Side one of Leg Lifters’ Radical Humiliation 7″ (which came out seven years ago today) is a piano ballad done Three One G style, which of course means it sounds nothing like any other piano ballad in history. It’s slow and there’s some sort of piano, but there’s also Justin Pearson’s abrasive, grating vocals, a rasp of shrieking feedback, and weird industrial percussion like a vampire dance party and/or orgy in the center of the Earth. Is a piano ballad still a piano ballad when it’s not a piano ballad? Who cares. This song is cool as hell and it sounds like nothing I’ve ever heard. Compartmentalize something else, Troy. This track doesn’t need it. “Radical Humiliation” stands on its own eight spider feet and confronts the ragged landscape like an absolute motherfucker.
Side B, “Sunday Mourning,” features Cattle Decapitation’s Travis Ryan along with Leg Lifters collective mainstays Nathan Joyner and JP. It’s a tribute to Lou Reed, and was tracked the day the freak icon left the Earth. While it incorporates lyrics from the Velvets’ hazy, warm, lush (and very stoned) “Sunday Morning,” it sounds nothing like the classic track that opened the band’s debut album.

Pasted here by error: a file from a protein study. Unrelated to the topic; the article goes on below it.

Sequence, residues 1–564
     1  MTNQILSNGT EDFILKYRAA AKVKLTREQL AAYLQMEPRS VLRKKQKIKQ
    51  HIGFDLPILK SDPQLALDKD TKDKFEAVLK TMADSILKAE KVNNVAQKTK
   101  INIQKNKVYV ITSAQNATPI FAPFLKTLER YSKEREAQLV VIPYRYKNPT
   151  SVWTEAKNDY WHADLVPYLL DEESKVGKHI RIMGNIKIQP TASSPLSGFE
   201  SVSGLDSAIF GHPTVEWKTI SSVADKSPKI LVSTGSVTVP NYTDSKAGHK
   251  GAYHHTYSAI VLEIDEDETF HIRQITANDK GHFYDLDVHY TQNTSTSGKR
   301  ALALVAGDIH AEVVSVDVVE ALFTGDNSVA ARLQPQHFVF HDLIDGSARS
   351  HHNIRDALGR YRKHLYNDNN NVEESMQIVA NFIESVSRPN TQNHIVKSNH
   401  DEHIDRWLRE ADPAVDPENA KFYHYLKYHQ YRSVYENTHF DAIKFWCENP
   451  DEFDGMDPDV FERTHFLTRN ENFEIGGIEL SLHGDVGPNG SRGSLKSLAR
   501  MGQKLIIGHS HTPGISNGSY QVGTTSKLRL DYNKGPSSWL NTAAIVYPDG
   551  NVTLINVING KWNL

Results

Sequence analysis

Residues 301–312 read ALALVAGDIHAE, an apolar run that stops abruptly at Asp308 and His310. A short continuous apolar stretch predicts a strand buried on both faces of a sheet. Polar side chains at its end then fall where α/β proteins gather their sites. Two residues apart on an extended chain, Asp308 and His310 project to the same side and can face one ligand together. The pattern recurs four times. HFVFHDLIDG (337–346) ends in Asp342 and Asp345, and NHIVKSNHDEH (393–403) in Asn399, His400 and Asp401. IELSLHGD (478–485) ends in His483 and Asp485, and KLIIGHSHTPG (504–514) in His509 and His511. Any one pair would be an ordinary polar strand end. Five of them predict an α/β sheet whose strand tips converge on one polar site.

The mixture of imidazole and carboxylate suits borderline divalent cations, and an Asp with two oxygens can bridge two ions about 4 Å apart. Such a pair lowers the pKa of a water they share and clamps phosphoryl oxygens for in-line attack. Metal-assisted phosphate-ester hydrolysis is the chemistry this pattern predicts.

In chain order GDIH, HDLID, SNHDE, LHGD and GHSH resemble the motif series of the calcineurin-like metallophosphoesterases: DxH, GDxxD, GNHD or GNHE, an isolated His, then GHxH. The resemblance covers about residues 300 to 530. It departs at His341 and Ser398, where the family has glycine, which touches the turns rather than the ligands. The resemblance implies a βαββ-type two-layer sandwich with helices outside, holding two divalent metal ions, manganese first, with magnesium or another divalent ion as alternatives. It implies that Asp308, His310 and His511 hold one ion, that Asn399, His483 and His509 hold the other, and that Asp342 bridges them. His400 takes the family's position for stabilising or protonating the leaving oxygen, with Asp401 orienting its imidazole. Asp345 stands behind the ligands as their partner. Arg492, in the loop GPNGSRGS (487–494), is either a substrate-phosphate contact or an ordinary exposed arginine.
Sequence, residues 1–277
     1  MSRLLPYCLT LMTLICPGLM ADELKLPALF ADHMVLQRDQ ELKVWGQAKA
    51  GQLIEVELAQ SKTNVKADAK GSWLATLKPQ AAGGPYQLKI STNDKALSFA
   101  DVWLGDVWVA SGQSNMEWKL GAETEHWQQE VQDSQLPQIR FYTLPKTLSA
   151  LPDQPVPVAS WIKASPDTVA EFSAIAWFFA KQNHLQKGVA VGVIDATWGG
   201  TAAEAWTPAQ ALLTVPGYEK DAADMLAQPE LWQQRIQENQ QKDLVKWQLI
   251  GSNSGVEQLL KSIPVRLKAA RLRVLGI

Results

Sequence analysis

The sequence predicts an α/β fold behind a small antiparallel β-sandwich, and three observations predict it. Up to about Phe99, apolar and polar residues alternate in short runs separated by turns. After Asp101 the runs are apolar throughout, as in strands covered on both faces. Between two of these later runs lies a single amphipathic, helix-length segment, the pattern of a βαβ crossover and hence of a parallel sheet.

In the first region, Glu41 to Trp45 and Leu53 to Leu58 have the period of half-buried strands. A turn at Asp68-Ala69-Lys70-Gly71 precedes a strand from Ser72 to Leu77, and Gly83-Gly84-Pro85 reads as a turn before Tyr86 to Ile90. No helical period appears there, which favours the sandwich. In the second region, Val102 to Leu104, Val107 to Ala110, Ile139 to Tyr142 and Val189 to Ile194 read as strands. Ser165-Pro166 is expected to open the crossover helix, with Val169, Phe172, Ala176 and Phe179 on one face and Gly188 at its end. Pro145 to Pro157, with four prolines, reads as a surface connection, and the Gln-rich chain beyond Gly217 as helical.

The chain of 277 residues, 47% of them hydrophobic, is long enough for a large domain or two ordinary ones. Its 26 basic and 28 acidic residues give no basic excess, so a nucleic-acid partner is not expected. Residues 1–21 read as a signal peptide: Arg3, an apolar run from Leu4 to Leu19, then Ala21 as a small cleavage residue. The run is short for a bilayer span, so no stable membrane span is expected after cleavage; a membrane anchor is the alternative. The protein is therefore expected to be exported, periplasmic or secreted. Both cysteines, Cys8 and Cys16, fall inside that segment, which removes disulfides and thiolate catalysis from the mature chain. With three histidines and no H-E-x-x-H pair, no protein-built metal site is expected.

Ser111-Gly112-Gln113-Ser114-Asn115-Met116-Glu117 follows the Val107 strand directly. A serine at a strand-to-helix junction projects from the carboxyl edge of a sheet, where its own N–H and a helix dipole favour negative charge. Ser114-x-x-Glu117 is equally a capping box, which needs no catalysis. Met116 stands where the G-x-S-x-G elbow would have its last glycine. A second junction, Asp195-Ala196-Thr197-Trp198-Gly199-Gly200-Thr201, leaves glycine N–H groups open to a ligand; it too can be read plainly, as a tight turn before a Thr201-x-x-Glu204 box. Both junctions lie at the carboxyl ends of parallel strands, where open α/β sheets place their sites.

“Sunday Mourning” is four minutes of pummeling, blown-out percussion and Travis Ryan’s Nazgûl witch king vocals while a menacing wall of sound rises up like a dirty-ass sea of barf–higher, grittier, uglier until halfway in it cuts out altogether and comes back with a weird synth noise like a fly panning across your headphone speakers, looping through your brain and eating away at it until you see smells, taste colors, and piss out nail polish. “Sunday Mourning” is an absolute what-the-fuck of a song and if the artist who released Metal Machine Music in 1975 to a bewildered audience on a fucking CLASSICAL MUSIC LABEL wouldn’t both GET and LOVE this bizarro cover I would be surprised as shit. Eulogy delivered, done properly, truly, and with the right spirit.
–Adam Gnade, author of This is the End of Something But It’s Not the End of You and Float Me Away, Floodwaters